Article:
A2 died in April 2012, in an inpatient palliative care unit for people in the final stages of illness. The cause of death was recorded as dementia, peripheral arterial disease and type 2 diabetes. Since an admission to hospital on 1st November 2011, an end of life pathway had been pursued, keeping A2 comfortable. He was cared for in a nursing home prior to the admission to the palliative care unit and was in receipt of continuing health care funding. A2 also suffered from mental ill health with a diagnosis of paraphrenia and it was at times unclear as to whether he understood the implications of his failure to engage with either health or social care professionals. In November 2011 he was also diagnosed with dementia. A2 was reluctant to engage with professionals despite considerable health needs as well as care needs and safeguarding issues which he alternately acknowledged and denied. His frequent failure to turn up for appointments and declining of support meant that agencies were challenged in their attempts to support him.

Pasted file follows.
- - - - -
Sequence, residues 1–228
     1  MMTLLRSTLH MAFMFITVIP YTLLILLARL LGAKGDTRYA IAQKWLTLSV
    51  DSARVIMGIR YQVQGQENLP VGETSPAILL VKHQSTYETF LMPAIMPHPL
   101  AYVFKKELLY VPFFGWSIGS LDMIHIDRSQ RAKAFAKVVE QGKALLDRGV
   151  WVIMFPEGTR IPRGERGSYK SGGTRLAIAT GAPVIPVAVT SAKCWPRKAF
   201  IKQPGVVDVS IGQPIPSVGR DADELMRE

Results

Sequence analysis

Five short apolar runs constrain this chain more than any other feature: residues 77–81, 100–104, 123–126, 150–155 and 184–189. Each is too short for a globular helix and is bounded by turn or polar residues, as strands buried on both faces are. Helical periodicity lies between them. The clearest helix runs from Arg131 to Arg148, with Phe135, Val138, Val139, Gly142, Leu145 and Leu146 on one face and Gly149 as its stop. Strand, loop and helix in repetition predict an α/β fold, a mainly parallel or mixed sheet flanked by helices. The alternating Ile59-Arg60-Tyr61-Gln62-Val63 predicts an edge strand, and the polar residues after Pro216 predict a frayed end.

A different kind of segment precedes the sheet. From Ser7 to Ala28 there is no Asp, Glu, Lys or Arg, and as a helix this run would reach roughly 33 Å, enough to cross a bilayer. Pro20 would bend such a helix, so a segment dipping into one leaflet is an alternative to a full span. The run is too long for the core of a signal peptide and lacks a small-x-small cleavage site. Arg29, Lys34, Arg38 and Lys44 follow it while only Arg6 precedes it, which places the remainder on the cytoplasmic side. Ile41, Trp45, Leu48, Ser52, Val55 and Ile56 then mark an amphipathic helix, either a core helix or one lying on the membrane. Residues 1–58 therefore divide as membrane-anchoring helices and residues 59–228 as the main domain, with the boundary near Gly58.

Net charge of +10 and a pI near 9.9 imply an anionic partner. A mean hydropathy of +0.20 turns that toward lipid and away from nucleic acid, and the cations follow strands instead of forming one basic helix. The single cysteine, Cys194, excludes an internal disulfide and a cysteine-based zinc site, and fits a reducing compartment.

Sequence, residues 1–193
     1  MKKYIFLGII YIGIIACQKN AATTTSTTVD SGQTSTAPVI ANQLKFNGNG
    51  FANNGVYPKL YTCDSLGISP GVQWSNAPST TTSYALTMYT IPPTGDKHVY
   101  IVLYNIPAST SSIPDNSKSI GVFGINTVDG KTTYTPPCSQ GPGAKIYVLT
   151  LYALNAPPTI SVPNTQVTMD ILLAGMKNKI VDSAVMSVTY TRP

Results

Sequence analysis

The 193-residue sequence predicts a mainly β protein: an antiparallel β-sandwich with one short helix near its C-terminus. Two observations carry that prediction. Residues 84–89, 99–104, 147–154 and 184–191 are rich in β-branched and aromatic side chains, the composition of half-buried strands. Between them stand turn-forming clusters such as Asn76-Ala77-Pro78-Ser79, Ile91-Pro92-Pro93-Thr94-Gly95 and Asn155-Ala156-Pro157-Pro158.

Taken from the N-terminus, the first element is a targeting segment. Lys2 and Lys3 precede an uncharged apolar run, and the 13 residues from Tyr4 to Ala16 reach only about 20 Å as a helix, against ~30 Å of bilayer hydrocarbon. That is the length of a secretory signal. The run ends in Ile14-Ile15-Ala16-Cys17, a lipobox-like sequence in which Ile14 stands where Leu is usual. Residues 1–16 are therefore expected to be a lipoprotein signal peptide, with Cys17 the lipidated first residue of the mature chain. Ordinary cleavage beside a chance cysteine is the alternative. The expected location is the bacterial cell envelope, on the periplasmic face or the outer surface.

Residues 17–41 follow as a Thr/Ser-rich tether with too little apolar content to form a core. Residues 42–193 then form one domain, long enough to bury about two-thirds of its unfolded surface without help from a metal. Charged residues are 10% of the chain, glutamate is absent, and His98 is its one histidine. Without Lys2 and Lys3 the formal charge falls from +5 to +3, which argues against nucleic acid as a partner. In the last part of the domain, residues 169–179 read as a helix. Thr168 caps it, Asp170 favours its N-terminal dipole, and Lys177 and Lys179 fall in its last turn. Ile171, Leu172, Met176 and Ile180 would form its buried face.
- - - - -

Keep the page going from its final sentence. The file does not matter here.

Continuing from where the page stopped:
- The need for professional to understand the basis upon which service users may decline to work with professionals.
- The importance of exploring service user’s ability to make judgements about declining health and social care support.
- The importance of timely mental capacity assessment and use of Independent Mental Capacity Advocates to support best interest decision making.
- Consideration of a range of legal alternatives associated with the risks inherent in A2’s situation. Professionals should be aware of and/or have easy access to advice on those alternatives.
- The importance of a holistic assessment informing discussion of the relative role of the two pieces of associated legislation.